An additional advantage of the assay devices of the present invention is in the ease of manufacture of the assay device. The devices of the present invention employ a generic construct, which can be modified with minimal alteration from one application to another. This generic platform is versatile enough to accommodate the needs and requirements for multiple product lines. A product specific for detection of a particular analyte can be easily adapted to another product for a different analyte with minimal modification of the overall design of the assay device, such as replacement of the binding partner to one particular analyte. Accordingly, it is not necessary to develop additional specific detecting reagents for each specific product. Rather, the specificity of the reaction is determined by the first binding partner while the labeled binding partner can be a multipurpose generic construct (for example, anti-human antibodies or anti-GST antibodies labeled with a detectable label such as a naturally colored particle). This is a huge advantage as compared to the development of traditional rapid assays, in which a specific detector for a specific product must be developed for each assay, in order to maintain an acceptable sensitivity. The present invention therefore reduces both the time and the cost used for product development. Furthermore, since the major components of the assay device can be used across a variety of assays, production parameters can be maintained without changes. A production facility manufacturing a series of products based on the present invention would use a single set of manufacturing equipment and a minimal array of inventories of raw materials, which in turn significantly reduces the costs of operation.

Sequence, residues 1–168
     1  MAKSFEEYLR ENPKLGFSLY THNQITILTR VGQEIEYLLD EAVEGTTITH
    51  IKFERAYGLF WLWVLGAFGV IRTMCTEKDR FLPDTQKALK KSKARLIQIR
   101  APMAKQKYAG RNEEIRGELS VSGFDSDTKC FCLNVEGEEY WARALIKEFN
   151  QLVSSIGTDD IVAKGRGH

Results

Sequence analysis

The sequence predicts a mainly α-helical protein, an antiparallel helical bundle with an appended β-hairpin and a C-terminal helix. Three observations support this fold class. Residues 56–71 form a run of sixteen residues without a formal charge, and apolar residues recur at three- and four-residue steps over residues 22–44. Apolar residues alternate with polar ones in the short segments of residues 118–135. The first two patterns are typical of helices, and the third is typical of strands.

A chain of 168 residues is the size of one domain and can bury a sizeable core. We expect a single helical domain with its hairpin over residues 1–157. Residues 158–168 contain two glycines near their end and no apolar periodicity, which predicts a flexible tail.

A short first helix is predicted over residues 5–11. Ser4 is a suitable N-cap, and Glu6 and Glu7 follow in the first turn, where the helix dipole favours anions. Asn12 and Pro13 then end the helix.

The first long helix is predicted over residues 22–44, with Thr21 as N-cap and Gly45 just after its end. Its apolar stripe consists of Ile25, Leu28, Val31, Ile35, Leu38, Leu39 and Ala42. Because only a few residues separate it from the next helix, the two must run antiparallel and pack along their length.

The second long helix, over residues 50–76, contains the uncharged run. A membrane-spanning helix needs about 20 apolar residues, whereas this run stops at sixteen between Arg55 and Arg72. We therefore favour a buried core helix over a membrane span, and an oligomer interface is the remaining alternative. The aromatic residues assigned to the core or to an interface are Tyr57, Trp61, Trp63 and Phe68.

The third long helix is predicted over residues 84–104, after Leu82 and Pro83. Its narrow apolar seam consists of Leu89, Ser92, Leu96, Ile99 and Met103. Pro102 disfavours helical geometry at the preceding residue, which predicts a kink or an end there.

The following examples are offered for illustration. One of skill in the art will recognize a variety of noncritical parameters that can be changed.
Assay devices for the detection of human antibodies to HIV types 1 and 2 were prepared as follows. Recombinant HIV 1 antigens p24 and gp41, and recombinant HIV 2 antigen gp36, were immobilized, or “slotted,” at a concentration range of about 0.08 to about 0.3 mg/ml onto a nitrocellulose membrane of 8 μm average pore size (Whatman, Ann Arbor, Mich.) using an IVEK (IVEK Corporation, N. Springfield, Vt.) Multispense 2000 striping machine. Protein A was immobilized in the same manner for use as an assay control line. The membrane was dried for approximately 10 minutes before addition of a blocking buffer (Milli-Q purified water with 0.3% casein and 0.25% sucrose). The membrane was exposed to the blocking buffer for approximately 1 minute, after which the membrane was dried at 37° C. for another 15 minutes. The membrane was finally affixed to a membrane backing (Adhesives Research Inc., Glen Rock, Pa.).
A reagent-bearing pad was prepared using a porous matrix (Hollingsworth & Vose, Inc., East Walpole, Mass.). The pad was sprayed with goat anti-human IgG antibodies (Zymed Laboratories Inc., South San Francisco, Calif.) that were labeled with colloidal gold particles of approximately 40 nm, and dried at 37° C. for 30 minutes. A chromatographic element was prepared by affixing an untreated porous matrix to one end of the nitrocellulose strip and the reagent-bearing pad to the other end of the nitrocellulose strip. The assembly was then cut into strips of about 4 mm by about 56 mm in size to form a chromatographic element having the untreated porous matrix at the sample receiving end, the reagent-bearing pad attached at the reagent releasing end, and the antigens immobilized in the reaction zone region. An assay device was assembled by placing an absorbent pad in the bottom half of a casing, then laying a separator above the absorbent pad, such that one edge of the separator extended from the casing. The chromatographic element was situated on top of the separator (such that the sample receiving end was positioned above the separator) and the top half of the casing was attached.